Paid search, or SEM, is a short-term strategy that is compatible and co-optimized with the SEO strategy. The ads developed are paid in order to attain a favorable position on page one of the various SERPs. The idea is to obtain immediate results to measure the most effective way to reach a segmented and targeted audience.

The fundamental tools of SEO and SEM are the use of keywords and phrases that represent what people searching on the web use regularly that identify with your products and services. Data analytics is a key tool used to test various keywords and phrases in the decision-making process, followed by live testing in a test audience environment to validate the results of what the data says.

The results of paid search performance and the keywords used then feed the long-term SEO strategy in making adjustments and adaptations to the SEO or inbound marketing strategy.

The Future of Search Marketing

As I said at the beginning, search marketing is a discipline affected by numerous changes and the need to adapt to those changes. Many of those changes are coming because of the shift to mobile devices and wearables at the expense of using desktops and laptops to do their online searches. The bottom line here is that the display real estate to show search results is extremely limited.

For example, as Google’s Knowledge Graph improves, fewer and limited search results pages are becoming a distinct possibility. This is why Google built the Knowledge Graph. If Google knows the answer to your question, it wants to surface the answer to you quickly so you don’t have to search around on a website.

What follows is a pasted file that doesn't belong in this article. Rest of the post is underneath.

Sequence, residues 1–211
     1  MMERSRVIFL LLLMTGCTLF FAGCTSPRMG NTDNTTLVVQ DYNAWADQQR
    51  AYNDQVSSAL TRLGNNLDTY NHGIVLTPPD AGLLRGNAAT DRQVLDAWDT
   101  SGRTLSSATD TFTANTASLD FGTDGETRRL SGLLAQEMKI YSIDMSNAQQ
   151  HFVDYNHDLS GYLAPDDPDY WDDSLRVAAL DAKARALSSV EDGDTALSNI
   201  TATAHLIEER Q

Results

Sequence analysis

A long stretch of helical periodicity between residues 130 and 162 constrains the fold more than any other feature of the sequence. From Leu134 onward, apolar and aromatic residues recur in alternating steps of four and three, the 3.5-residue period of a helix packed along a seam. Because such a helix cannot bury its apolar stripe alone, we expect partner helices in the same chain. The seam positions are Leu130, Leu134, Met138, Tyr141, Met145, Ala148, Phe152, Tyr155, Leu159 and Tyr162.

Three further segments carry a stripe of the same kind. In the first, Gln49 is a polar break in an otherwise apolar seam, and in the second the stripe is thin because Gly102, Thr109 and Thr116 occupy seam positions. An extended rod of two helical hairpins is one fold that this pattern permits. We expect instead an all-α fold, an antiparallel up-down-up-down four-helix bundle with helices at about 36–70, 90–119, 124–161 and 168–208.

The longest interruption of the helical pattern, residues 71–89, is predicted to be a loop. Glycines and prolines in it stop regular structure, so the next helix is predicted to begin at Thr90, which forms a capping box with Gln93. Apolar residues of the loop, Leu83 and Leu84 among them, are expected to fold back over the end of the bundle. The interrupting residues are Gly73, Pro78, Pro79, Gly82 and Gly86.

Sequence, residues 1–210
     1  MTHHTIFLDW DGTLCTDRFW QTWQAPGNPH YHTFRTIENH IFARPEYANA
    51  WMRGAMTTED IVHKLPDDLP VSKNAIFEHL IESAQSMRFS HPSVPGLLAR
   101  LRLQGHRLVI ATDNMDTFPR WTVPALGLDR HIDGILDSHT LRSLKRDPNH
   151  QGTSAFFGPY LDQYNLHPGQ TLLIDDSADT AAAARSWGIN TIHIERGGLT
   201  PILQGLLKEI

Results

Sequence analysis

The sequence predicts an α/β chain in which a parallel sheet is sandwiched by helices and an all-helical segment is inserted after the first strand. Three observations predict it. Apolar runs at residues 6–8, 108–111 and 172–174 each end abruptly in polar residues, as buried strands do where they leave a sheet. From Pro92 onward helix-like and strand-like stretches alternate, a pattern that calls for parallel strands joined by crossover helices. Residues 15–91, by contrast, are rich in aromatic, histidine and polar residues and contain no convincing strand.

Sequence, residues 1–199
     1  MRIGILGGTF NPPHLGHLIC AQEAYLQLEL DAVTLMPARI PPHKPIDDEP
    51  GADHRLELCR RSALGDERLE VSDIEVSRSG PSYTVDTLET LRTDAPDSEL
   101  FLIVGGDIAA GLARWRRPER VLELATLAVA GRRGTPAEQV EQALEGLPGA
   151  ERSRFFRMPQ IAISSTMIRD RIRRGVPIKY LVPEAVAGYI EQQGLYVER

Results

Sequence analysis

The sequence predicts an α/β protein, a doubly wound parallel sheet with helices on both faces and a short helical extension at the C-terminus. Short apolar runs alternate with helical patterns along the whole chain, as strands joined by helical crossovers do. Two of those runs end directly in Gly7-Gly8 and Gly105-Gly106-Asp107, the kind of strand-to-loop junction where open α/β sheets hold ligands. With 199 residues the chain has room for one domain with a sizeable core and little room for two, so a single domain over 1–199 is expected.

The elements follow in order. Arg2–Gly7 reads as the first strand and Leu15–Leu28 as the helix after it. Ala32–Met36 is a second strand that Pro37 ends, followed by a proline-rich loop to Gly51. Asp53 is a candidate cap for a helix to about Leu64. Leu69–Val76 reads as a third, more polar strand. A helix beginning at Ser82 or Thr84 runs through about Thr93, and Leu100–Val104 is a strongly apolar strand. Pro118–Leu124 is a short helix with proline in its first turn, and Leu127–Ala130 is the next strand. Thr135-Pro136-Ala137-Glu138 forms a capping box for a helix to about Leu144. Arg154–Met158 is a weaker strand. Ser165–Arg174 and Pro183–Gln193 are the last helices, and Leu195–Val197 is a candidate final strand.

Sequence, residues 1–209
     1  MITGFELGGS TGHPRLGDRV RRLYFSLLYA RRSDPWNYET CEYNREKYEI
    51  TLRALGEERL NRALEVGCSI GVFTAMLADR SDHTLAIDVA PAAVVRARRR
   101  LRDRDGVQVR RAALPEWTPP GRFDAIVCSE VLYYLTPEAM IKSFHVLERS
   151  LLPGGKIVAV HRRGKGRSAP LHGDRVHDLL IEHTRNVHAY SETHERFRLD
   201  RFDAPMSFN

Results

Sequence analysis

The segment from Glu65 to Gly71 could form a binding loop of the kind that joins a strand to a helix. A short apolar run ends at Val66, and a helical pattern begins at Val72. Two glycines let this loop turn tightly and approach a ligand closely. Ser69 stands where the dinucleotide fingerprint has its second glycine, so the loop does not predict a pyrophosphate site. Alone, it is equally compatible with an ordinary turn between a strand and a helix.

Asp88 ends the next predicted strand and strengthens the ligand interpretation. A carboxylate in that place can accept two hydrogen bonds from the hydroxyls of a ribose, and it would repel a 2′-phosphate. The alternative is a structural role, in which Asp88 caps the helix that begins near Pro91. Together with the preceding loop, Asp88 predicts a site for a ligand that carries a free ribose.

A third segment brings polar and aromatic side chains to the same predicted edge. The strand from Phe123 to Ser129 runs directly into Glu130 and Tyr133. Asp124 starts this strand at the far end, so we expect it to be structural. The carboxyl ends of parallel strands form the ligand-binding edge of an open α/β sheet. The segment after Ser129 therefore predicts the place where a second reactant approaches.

Mobile apps are another game changer for search marketing. In reality, mobile apps published by brands circumvent the search engine infrastructure altogether. App store optimization (ASO) in that vertical environment is a future SEO development. Search engines are trying to disrupt that through the development of the ability to do deep linking to mobile app content so that the mobile app online presence can be indexed and content displayed on the SERP to increase discoverability. These are indeed interesting times for SEO professionals.

What Really Matters

The point I’m making here is that search marketing is here to stay. It will never die. Adaptive processes, procedures, and best practices may alter the marketing strategies in using SEO and SEM capabilities, but they will always be in use. Even in our ever-changing business environment, search marketing will continue to evolve to those changes as well. Therefore, as online marketers, we will need to not only adapt to new developments and technologies, but strive to stay ahead of the curve, anticipating what the future may bring. It is this staying up-to-date, remaining knowledgeable, and building trust that enables the continued effectiveness of search marketing.